There is a striking passage in Duberman’s admiring but generally balanced biography about Kirstein and Allen Tate. Kirstein hired Tate during the early 1930s to be southern editor of Hound and Horn. An avowed racist, Tate had a goal, as he wrote Kirstein, “to keep the Negro blood from passing into the white race.” Tate belonged, Duberman points out, to the Agrarian movement of the day, which glorified the rural values of the Old South. Kirstein’s equivocal response to Tate—“your attitude about the Negro as an inferior race seems to me pragmatically if not inevitably true”—echoed, Duberman notes, his occasional use of the word “nigger” in his diary.
Later Kirstein would argue vigorously that the School of American Ballet should be racially integrated; he marched on Selma. But that anecdote is revealing. Kirstein was always in search of his bearings, seeking out a direction, whether it was Bolshevism or Christianity—some cleansing, purifying system—which is to say he was perpetually in search of himself. Perhaps it was the anxiety of a disappointed artist. He fell hard, like many prominent figures of his day, for the spiritualist Gurdjieff. There’s a funny scene in Duberman’s book at Gurdjieff’s Institute for the Harmonious Development of Man in Fontainebleau, where Kirstein first encountered Gurdjieff, face down and naked, lying on a stone slab in a steam room, his arms and legs stretched by two men while a little boy danced a jig on his back. Kirstein would later say he got from Gurdjieff a philosophy of “never explain, never apologize.” It gave Kirstein the liberty to offend and to displease people when he thought it necessary, which he often did.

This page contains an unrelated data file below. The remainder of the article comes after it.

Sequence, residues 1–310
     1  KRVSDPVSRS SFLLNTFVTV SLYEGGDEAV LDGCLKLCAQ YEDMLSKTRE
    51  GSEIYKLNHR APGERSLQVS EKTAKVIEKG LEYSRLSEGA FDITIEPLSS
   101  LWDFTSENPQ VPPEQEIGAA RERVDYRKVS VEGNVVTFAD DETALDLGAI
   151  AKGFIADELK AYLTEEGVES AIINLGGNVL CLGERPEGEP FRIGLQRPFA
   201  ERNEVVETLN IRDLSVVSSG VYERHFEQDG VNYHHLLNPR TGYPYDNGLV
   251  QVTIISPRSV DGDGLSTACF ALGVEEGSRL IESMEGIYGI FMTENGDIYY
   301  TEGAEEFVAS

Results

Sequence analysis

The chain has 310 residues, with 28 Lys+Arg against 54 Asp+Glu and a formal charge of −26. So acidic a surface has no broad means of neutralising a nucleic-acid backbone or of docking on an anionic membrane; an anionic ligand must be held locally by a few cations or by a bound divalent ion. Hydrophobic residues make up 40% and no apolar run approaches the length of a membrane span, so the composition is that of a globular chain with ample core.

In addition to biographies of Paul Robeson, James Russell Lowell, and others, Duberman has written various memoirs and histories of gay culture. He treats Kirstein as a kindred soul, with sympathy and a certain clinical indiscretion. He discloses that in later years Kirstein cuddled but had no orgasm with a young companion named Clint Kisner, that Kirstein attributed this to a “prostatic problem,” and that he liked to go look at men in the steam baths. To Duberman, Kirstein’s fluid sexuality was clearly part of an admirable independence that allowed Kirstein to champion unpopular cultural and social causes: his productivity depended on an undomesticated temperament.